Bournemouth Corporation - Leyland Tiger Cub - RRU 901 - 264

Bournemouth Corporation
Leyland Tiger Cub PSUC1/1
Park Royal B42F

RRU 901 was originally Bournemouth 264 – a Leyland Tiger Cub PSUC1/1 with Park Royal B42F body. It started life in Bournemouth 96 with an open rear entrance and front exit with doors in 1955. It was rebodied around 1957 for One Man Operation. It lasted until 1971 when it was sold to Burton on Trent (Maroon and Cream) and then transferred to East Staffs when Burton disappeared. It went into preservation in 1977 and went back to Bournemouth colours. It has had a bit of a chequered life in preservation and was in a sorry state in the early 2000’s.
Around 2008/9 it moved to Scotland where it was extensively re-panelled and repainted in a Western Scottish style livery, which is the way it is currently.
It had an overheating problem at Kirkby Stephen this year, but was in service on the Saturday, and since then the water pump has been removed and found to have been well and truly bodged by someone previously with a metal pin and black silicone mastic. It is seen in resting between duties at Kirkby Stephen West.

Photograph and Copy contributed by Ken Jones, with additional information from Malcolm Davies

02/06/15 – 07:15

That livery wouldn’t look amiss in Southport!

Pete Davies

10/06/15 – 09:05

Compare this to Stockport’s Tiger Cubs, built by Crossley to the same basic design. Some have said the Stockport version has more than a passing resemblance to the RF and the Monocoach.

Phil Blinkhorn

12/06/15 – 06:31

RRU 903_1

RRU 903_2

A sister vehicle, RRU 903 is preserved in Yorkshire in Bournemouth Corporation livery. These photos show it in Grassington (in company with a much newer preserved bus, Pennine Dennis Dart R717 YWC) and a rear view at the farm near Skipton where the vehicle is kept. The rear end is very unusual, with the emergency door on the offside. I had the privilege of driving this bus a few months ago. It was the first crash gearbox bus I had driven for many years, and it was a great relief to feel the gears engaging without a "crunching" sound.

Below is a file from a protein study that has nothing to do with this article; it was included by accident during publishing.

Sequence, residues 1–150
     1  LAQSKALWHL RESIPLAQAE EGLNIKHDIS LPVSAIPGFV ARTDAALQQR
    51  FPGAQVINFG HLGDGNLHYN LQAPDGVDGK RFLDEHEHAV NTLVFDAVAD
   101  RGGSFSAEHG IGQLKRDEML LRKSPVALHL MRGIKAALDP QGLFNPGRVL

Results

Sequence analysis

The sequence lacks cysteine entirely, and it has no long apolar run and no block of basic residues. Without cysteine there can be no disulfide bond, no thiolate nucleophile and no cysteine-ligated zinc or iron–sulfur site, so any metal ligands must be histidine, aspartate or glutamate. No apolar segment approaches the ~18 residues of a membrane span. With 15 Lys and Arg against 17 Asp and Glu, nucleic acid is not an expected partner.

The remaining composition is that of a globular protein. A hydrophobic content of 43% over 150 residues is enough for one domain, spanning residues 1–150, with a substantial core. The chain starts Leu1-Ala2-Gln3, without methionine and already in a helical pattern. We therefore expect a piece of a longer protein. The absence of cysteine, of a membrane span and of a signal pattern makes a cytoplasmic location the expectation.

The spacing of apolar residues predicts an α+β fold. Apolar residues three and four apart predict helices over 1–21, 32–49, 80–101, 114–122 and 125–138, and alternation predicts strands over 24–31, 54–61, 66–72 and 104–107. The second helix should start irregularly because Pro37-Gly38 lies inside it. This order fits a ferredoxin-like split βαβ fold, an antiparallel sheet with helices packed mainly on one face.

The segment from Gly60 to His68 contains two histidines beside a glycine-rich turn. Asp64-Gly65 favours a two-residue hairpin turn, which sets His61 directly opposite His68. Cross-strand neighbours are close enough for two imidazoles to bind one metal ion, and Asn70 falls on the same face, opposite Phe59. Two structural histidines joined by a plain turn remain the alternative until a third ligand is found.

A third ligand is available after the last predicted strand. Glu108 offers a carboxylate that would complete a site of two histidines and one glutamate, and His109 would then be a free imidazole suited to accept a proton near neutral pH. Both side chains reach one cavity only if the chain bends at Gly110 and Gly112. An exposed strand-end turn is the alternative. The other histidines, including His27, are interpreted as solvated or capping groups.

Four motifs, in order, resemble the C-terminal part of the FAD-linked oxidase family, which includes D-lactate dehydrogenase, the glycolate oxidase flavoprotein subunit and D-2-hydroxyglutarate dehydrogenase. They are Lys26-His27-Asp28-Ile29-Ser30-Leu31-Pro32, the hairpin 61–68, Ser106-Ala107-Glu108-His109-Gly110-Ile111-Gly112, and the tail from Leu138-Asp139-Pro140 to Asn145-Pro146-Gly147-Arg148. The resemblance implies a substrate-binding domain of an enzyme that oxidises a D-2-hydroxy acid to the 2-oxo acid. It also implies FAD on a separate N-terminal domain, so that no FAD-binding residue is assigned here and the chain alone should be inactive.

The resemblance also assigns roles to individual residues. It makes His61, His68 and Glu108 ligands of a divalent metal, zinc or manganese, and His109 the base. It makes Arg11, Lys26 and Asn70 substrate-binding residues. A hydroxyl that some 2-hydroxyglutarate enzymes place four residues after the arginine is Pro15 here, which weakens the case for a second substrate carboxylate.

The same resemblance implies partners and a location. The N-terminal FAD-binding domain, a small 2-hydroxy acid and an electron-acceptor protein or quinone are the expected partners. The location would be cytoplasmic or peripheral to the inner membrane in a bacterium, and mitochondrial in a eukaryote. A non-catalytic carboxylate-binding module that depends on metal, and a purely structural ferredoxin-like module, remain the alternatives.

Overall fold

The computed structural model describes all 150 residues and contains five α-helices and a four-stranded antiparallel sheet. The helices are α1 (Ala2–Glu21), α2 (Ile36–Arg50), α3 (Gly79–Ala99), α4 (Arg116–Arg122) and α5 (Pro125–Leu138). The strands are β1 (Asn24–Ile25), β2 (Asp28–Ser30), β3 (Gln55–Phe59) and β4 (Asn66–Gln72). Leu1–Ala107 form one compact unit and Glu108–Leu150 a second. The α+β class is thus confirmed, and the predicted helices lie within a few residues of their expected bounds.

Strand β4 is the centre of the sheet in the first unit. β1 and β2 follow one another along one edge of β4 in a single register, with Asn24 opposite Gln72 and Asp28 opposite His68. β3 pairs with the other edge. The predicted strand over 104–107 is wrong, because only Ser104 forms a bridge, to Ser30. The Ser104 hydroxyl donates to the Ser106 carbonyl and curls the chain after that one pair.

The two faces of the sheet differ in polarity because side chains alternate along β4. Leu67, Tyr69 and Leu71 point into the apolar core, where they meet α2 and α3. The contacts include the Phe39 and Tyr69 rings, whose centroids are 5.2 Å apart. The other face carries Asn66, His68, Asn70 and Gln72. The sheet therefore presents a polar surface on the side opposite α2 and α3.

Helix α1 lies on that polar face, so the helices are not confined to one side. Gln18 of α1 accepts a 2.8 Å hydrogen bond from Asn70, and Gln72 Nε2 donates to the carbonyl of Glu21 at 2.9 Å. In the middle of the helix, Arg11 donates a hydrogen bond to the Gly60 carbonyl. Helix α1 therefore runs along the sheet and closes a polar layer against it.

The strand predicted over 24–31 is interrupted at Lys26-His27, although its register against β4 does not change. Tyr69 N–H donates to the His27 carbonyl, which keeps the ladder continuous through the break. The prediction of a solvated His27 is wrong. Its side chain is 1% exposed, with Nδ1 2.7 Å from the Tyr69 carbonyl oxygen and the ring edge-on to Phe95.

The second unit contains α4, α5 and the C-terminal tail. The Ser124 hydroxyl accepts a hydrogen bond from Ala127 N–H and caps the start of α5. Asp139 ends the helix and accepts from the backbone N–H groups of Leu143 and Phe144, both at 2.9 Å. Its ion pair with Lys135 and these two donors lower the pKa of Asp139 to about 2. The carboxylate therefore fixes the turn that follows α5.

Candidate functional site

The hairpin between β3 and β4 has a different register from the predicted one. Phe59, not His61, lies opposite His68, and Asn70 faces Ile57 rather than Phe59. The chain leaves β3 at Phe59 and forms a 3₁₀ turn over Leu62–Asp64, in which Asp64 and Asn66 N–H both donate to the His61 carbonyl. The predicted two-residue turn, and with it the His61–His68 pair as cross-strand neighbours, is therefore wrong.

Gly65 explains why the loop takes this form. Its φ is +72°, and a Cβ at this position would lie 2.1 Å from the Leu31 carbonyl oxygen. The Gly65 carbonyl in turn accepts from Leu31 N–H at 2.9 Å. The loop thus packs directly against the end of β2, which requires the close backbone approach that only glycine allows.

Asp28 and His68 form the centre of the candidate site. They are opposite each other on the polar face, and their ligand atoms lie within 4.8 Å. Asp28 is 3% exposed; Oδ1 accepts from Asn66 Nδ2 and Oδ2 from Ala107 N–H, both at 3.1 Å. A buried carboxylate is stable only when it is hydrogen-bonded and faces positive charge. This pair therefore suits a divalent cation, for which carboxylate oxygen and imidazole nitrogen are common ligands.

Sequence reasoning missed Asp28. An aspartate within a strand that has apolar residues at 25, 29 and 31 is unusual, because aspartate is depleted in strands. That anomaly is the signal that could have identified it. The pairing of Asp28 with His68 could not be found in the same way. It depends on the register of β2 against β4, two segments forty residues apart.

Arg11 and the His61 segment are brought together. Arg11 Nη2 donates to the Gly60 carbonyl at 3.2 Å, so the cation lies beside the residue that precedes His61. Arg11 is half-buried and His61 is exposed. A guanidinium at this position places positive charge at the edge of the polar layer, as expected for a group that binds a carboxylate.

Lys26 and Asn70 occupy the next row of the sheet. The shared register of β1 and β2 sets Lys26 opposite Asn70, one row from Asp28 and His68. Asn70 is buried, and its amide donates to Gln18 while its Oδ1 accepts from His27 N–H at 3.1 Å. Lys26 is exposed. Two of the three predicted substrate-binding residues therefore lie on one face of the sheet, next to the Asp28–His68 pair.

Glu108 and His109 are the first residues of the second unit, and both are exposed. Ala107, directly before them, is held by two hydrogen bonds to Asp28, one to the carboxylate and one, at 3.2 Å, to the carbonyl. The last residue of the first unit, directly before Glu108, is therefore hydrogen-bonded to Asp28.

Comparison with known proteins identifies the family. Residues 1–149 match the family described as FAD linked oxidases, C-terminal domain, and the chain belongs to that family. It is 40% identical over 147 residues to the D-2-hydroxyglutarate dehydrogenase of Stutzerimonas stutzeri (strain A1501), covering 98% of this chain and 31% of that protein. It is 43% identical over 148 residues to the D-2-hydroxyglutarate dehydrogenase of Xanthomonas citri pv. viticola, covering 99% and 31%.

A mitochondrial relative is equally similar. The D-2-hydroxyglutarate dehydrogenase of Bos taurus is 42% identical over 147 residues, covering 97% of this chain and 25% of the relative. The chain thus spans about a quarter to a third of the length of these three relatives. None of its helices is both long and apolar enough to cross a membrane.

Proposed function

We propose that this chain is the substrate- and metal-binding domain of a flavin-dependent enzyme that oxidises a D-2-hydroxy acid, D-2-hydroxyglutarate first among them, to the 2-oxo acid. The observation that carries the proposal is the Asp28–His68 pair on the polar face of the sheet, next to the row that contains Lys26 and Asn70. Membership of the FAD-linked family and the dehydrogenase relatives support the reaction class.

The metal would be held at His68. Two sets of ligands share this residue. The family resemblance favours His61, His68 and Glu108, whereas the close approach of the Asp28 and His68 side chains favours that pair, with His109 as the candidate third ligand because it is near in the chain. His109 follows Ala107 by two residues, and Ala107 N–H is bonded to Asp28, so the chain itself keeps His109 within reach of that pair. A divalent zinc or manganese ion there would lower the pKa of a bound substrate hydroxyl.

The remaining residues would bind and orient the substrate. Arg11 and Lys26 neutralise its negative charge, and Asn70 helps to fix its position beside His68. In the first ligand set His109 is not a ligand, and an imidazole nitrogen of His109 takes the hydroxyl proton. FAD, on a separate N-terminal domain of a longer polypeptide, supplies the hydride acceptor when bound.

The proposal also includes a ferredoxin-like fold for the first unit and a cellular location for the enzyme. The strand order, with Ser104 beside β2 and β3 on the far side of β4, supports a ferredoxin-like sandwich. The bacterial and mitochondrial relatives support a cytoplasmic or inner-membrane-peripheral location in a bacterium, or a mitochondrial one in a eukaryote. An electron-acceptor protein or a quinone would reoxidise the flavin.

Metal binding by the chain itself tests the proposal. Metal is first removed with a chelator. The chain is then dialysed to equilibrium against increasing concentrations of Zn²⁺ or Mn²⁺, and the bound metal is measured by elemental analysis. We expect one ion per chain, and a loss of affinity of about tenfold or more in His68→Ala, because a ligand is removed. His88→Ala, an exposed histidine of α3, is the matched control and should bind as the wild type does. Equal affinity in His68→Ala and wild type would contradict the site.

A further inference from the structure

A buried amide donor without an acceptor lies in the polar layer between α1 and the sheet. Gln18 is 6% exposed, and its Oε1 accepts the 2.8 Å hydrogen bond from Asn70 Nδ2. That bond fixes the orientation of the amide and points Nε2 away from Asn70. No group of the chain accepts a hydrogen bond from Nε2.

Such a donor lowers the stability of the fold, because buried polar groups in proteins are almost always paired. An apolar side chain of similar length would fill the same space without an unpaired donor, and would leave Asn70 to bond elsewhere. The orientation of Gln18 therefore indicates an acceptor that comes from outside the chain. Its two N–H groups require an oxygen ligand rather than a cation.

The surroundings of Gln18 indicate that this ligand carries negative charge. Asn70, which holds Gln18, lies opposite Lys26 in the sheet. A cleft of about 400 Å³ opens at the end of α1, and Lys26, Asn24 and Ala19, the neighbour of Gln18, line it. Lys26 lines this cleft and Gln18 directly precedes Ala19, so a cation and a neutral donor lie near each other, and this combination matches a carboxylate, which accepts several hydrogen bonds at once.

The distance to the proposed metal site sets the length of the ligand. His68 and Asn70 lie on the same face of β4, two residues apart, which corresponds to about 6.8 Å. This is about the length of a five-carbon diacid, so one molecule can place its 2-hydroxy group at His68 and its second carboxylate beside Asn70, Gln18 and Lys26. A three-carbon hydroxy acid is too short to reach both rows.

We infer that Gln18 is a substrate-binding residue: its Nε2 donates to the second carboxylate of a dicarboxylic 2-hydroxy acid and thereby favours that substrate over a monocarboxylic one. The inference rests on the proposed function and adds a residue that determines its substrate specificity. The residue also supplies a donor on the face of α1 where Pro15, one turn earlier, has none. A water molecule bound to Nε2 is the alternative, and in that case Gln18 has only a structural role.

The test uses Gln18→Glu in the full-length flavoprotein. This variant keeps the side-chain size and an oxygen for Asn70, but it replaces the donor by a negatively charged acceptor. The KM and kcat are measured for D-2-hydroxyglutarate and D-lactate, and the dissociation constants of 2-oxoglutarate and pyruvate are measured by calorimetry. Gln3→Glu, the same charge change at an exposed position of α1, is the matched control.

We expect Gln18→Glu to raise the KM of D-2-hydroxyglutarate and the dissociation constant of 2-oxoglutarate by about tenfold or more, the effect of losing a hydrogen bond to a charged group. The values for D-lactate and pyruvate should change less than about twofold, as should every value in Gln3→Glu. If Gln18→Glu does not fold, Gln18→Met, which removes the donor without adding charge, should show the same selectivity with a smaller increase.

Don McKeown

13/06/15 – 06:44

Did this bus (and the rest of the batch) originally have a rear door in addition to the front? This was the normal Bournemouth fashion for many years. Although now clearly removed, it might explain the unusual rear design for the emergency door. A study of the Western SMT liveried bus reveals a similar layout at the rear.

Michael Hampton

14/06/15 – 06:54

NDB 356

Bournemouth did convert it’s dual entrance Tiger Cubs to front entrance as early as 1957 and did the same with the 1951 Royal Tigers later on. The unusual rear arrangements probably result from that change.
For comparative purposes here is a view of a Crossley bodied Stockport Tiger Cub on Park Royal design frames dating from 1958.

Orla Nutting

08/08/15 – 06:57

This batch of buses all had a rear open platform entrance, rather than a second door. The buses didn’t last long in this configuration before being rebodied, hence the "two" windows on the nearside as opposed to the one on the offside. On mine you can still see some of the framework for the steps underneath. This original set up would certainly explain why the emergency door is on the offside.

Malcolm Davies

08/08/15 – 11:39

I am still puzzled about access to that rear corner emergency exit. How would passengers get to use it in an emergency?
Is the rear seat moved forward to creat a gap behind it, or is the rear nearside seat a ‘three seater’ with a space on the offside?
It’s all rather unusual, but an expert with knoweldge of the interior layout will hopefully be able to resolve this puzzle.


26/10/20 – 06:33

Close inspection of the picture of RRU 903’s rear suggests the rear offside seat pair is away from the rear end. Presumably, that would facilitate access from the gangway to the emergency exit, with clearances compliant with the C & U Regulations prevalent at the time of modification.

Terry Walker

31/10/20 – 06:26

Thanks Terry. Your suggestion has put my mind at rest. That’s 5 years of uncertainty finally resolved!



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Old Bus Photos from Saturday 25th April 2009 to Monday 15th April 2024